Oil futures lost ground Wednesday as investors awaited a double dose of U.S. data on petroleum supplies.
West Texas Intermediate crude
for December delivery
fell 44 cents, or 0.6%, to $77.82 a barrel on the New York Mercantile Exchange.
January Brent crude
the global benchmark, declined 34 cents, or 0.4%, to $82.13 a barrel on ICE Futures Europe.
The Energy Information Administration will release two weeks worth of data on U.S. crude and product inventories after last week’s report was delayed due to a planned systems upgrade.
The data could provide a spark for crude-oil gains against a broadly positive backdrop for markets after a huge Tuesday rally for the stock market following a subdued October consumer price index reading, analysts said.
“Based on the risk-on tone in equities so far in November largely thanks to peak policy rates being priced in and firming soft landing hopes, risks in the oil market are skewed to the upside into the end of the week pending good consumer demand readings for refined products in the EIA data today,” analysts at Sevens Report Research wrote in a note.
“The headlines and production data in the EIA will be important too, however, specifically implied consumer gasoline demand metrics will be critical in easing worries that demand is faltering and energy markets are poised to roll over here,” they said.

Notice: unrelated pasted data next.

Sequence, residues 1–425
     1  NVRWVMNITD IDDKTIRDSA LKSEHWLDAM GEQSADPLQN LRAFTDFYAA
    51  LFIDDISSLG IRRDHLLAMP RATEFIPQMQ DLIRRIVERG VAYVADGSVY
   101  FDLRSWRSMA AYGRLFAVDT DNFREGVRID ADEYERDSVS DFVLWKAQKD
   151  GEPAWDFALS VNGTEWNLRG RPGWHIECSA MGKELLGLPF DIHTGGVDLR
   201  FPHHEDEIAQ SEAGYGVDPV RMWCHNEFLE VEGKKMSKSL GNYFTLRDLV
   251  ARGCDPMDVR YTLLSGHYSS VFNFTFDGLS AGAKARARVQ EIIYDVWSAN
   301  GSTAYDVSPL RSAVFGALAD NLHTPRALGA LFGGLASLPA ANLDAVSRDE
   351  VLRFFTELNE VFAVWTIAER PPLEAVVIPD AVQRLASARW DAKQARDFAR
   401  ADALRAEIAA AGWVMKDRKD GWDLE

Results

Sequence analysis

Last week, the American Petroleum Institute, an industry trade group reported an 11.9 million barrel jump in crude supplies for the week ending Nov. 3, surprising markets and sending prices lower. The API on Wednesday reported a 1.3 million barrel rise in inventories last week, according to a source citing the data.
On average, analysts polled by S&P Global Commodity Insights forecast a climb of 4.5 million barrels in U.S. commercial crude supplies for the two weeks ending Nov. 10. They also forecast two-week inventory declines of 1.3 million barrels for gasoline and 2.7 million barrels for distillate supplies.